In 154 B.C. Ptolemy VI of Egypt attacked his rebellious brother Ptolemy Euergetes in Cyprus, and forced him to surrender. As this inscription makes clear, there was a large contingent of Cretans in the king's army. The translation is adapted from E.R.Bevan, "The House of Ptolemy", pp.301-2.
. . . pardon for the offences committed [throughout the kingdom] . . . to treat him as a kinsman [and friend], and the king being, in accordance with previous actions in regard to him, holy and pious, and the most humane of all men, he made friendship [and] peace, showing a great spirit in all his dealings, making it a chief object of his policy to gratify the Romans. In order, therefore, that those who fought as the allies of king Ptolemaios in Cyprus, and had a share in the glory, may be shown to pay regard to fine and memorable actions, and not forget the benefits bestowed upon their several native cities, but [always] to render the gratitude [which such benefits deserve towards the benefactors]; with good fortune, it is resolved [to praise] king Ptolemaios, [and to crown him with a golden crown], and to set up [two bronze statues of him], the most beautiful possible, [one in Delos, and the other] in Crete, in [the city] appointed [by the league] . . .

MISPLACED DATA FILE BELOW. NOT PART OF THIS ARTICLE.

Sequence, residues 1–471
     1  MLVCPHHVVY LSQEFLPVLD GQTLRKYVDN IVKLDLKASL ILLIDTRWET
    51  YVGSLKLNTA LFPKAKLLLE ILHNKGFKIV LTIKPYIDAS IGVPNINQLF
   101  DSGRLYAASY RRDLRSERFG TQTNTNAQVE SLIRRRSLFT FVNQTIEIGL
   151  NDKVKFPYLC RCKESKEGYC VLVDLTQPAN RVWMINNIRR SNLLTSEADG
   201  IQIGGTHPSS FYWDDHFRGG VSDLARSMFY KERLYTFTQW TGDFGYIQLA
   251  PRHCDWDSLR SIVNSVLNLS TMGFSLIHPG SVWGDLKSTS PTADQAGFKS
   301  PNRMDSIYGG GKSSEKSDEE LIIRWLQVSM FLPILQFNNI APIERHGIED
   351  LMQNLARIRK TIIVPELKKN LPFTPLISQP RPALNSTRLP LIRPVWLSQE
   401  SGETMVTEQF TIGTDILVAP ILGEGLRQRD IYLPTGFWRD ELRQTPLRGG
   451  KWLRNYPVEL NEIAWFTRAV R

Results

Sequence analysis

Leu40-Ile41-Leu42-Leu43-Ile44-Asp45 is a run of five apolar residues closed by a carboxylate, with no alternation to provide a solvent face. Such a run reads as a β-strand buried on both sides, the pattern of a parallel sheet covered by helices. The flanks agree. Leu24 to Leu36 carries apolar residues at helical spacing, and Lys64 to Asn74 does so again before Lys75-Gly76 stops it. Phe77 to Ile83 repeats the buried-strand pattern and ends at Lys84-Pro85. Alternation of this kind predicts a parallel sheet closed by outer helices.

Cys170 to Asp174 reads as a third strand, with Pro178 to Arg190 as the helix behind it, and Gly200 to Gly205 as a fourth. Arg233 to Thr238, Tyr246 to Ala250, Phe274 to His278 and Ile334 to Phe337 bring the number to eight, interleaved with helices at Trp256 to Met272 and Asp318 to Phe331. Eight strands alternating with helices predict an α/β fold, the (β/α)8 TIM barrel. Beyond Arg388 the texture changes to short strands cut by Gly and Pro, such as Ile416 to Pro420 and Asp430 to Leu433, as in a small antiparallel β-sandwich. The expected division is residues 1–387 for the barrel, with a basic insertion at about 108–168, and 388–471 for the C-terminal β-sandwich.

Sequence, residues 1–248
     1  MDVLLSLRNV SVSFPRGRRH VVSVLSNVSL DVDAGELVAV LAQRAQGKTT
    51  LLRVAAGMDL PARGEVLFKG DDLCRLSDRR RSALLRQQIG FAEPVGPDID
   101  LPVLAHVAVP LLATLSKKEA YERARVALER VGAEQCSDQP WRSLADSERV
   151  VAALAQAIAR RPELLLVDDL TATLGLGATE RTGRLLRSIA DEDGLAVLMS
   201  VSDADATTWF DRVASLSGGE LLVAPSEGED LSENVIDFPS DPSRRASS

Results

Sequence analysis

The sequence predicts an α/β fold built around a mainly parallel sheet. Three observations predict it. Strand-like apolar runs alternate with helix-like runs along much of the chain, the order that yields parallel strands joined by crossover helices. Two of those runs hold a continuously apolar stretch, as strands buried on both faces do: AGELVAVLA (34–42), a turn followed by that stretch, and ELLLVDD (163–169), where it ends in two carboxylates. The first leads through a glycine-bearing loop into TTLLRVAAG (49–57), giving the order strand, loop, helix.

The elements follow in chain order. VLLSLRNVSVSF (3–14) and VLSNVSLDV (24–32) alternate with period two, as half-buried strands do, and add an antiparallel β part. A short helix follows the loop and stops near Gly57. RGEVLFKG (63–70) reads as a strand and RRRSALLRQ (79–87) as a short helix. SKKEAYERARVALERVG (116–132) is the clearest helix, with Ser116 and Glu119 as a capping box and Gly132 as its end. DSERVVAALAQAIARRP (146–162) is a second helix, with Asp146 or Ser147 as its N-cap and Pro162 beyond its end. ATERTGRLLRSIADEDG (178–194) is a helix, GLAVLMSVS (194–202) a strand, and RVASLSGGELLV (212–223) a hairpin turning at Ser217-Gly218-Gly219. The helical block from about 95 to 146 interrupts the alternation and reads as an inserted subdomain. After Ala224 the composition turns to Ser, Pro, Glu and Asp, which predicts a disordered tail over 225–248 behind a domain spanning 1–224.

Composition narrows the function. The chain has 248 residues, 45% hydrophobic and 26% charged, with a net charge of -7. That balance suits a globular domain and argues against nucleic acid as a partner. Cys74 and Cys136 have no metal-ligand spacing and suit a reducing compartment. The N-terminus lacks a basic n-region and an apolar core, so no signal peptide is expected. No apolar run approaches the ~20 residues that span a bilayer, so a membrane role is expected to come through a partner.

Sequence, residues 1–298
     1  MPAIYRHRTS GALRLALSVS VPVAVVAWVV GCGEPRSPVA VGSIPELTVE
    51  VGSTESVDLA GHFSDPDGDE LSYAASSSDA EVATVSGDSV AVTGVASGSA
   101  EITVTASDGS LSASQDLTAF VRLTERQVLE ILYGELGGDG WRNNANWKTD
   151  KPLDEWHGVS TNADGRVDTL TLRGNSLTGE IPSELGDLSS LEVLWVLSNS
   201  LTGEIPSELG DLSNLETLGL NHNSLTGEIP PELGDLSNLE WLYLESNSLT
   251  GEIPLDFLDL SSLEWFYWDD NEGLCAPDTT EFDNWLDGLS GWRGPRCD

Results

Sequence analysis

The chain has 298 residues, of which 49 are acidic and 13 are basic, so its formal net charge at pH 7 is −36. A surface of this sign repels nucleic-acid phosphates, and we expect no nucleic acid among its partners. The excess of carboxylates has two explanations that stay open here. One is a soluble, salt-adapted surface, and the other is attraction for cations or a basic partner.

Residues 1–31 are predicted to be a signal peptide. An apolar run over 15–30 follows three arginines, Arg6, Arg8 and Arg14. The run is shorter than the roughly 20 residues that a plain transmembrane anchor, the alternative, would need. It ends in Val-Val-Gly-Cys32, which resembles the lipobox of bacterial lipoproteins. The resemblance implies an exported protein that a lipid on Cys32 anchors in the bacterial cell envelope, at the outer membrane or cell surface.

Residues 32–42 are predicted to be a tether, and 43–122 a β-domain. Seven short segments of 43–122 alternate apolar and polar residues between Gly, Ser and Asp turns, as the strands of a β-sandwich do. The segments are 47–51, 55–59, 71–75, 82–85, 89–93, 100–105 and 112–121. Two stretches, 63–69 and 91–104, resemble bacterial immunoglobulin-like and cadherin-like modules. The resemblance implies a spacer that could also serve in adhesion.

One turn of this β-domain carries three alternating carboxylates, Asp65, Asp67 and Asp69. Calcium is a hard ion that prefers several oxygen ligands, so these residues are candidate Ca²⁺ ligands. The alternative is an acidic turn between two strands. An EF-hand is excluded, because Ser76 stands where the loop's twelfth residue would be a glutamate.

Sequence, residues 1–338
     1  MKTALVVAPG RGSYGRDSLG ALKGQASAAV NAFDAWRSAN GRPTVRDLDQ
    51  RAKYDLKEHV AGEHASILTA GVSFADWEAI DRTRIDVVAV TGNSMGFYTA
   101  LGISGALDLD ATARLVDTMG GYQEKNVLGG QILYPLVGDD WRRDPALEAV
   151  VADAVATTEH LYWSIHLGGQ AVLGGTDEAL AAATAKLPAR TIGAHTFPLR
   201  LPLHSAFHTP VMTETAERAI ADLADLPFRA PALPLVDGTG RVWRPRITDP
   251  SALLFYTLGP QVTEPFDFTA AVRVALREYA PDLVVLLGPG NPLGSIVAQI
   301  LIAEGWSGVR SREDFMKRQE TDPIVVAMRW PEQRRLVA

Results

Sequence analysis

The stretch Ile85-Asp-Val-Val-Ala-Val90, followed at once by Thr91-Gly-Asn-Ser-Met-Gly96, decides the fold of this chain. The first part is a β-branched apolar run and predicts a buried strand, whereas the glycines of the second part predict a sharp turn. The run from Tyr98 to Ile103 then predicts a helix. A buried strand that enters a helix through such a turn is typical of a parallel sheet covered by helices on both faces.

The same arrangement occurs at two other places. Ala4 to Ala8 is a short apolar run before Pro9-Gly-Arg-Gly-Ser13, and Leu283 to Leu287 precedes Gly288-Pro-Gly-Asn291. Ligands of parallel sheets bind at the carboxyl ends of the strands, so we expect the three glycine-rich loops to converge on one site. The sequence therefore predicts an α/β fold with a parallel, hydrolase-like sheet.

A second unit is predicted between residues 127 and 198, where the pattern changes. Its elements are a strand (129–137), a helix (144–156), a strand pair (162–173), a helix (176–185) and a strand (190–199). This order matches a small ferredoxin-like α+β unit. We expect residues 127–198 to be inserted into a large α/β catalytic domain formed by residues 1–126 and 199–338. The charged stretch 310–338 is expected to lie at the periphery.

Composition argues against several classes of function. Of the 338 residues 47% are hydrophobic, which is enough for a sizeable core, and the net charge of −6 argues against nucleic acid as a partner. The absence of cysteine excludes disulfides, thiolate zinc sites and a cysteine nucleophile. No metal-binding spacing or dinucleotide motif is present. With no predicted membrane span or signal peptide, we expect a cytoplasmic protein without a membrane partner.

→ inscription 129
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